SSDI Backlog: 5 Ways to Move Ahead

SSDI Backlog: 5 Ways to Move Ahead

The current SSDI backlog consists of approximately 800,000 disability cases. Claimants wait an average of 538 days for their disability hearings. Through the Quick Disability Determinations and Compassionate Allowances programs, and by requesting an on-the-record decision, submitting thorough records and organizing the documentation for submission, SSDI applicants may be able to reduce the processing time for their claims.

1. Quick Disability Determinations

The Social Security Administration uses Quick Disability Determinations (QDD) to identify applications that are likely to receive favorable disability determinations and flag them for expedited processing. The QDD process screens initial applications using a computer-based predictive model. As opposed to taking months or more, this fast-track process allows some claims to get approved within days of the initial submission. The average processing time for QDD cases in 2018 was just 19 days.

2. Compassionate Allowances

Another fast-track process, Social Security uses the Compassionate Allowances initiative to identify the most serious disabilities and reduce the waiting time for determinations. Conditions that may qualify for the Compassionate Allowances program include certain rare childhood disorders, adult brain disorders and some types of cancer. The SSA uses the same rules for evaluating disability in these cases as it does with those that do not qualify for compassionate allowances; however, flagging these applications early in the process allows the agency to prioritize them over others.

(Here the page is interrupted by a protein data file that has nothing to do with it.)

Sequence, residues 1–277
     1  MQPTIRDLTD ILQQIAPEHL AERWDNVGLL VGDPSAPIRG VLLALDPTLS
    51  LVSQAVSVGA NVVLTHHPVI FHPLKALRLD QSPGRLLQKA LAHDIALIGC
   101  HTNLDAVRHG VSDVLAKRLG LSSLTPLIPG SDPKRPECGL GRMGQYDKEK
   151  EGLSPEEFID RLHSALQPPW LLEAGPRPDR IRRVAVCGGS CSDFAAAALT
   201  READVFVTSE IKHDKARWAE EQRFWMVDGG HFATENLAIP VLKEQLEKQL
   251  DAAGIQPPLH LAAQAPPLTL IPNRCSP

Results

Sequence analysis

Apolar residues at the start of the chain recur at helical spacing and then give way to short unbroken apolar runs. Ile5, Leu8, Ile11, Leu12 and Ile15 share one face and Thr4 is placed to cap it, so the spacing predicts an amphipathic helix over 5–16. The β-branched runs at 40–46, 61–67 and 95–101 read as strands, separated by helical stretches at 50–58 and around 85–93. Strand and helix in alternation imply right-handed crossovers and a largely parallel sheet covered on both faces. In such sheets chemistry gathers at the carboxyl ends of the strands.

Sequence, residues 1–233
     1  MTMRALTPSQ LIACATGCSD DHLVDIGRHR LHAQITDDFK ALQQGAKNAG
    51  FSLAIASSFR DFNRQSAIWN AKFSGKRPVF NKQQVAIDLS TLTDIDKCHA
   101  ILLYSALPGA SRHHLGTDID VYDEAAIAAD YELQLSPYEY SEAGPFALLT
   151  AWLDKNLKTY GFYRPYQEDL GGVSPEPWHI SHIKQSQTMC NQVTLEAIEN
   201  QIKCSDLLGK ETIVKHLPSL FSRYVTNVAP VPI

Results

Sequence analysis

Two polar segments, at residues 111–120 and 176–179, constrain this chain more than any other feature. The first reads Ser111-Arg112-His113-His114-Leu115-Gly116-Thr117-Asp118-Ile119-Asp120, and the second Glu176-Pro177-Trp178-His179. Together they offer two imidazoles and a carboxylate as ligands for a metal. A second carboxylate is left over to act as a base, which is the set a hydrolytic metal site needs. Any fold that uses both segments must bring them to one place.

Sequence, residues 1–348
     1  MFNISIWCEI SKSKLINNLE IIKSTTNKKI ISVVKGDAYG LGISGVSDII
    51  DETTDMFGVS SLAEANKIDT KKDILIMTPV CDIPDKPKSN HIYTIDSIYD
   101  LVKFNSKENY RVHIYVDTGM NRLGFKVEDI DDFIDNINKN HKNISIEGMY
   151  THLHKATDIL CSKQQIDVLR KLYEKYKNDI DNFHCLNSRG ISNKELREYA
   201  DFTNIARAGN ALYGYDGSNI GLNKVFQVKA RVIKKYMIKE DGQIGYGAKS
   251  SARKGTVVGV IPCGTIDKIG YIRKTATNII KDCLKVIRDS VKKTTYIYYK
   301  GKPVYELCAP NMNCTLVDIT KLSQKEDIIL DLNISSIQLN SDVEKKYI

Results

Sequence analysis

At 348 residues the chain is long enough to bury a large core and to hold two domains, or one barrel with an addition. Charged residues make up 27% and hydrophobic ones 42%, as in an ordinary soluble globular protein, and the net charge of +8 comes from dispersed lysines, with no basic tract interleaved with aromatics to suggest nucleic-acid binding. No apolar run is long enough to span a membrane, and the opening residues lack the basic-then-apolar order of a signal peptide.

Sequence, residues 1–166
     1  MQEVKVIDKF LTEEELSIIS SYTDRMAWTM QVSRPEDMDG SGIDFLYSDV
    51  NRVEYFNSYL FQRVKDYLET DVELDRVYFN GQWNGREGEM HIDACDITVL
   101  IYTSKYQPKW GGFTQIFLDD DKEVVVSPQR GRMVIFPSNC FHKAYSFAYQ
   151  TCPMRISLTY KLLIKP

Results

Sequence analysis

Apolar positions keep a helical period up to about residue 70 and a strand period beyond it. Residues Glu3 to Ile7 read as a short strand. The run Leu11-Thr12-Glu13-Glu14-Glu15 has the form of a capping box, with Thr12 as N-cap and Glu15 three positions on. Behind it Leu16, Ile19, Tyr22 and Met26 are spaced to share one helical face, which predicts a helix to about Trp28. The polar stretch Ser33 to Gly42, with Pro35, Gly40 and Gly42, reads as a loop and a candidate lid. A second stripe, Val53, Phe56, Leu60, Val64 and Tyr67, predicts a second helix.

3. Request an OTR Decision for Denied Claims

Claimants who provided ample evidence of their disabling conditions but still were denied benefits may request an on-the-record, or OTR, review. Through this process, an attorney adjudicator reviews the applications and the included records and documentation to make a disability determination. An OTR review may allow people to avoid the administrative law judge hearing, which may take months to take place.

4. Submit Complete and Accurate Records

Submitting complete, accurate and thorough medical records and supporting documentation may help people ensure their claims move efficiently through the disability determination process. Flagging applications for Quick Disability Determination or Compassionate Allowances processing and making decisions for those claims that do not qualify for these paths relies heavily on the medical evidence people submit with their applications.

5. Organize the Documentation for Submission

Organizing the documentation included in their applications may help people ensure the SSA’s claims processers are able to locate the information they need to make their determinations. Should processers not find the documents they need, they may ask applicants to submit additional information, delaying their claims.

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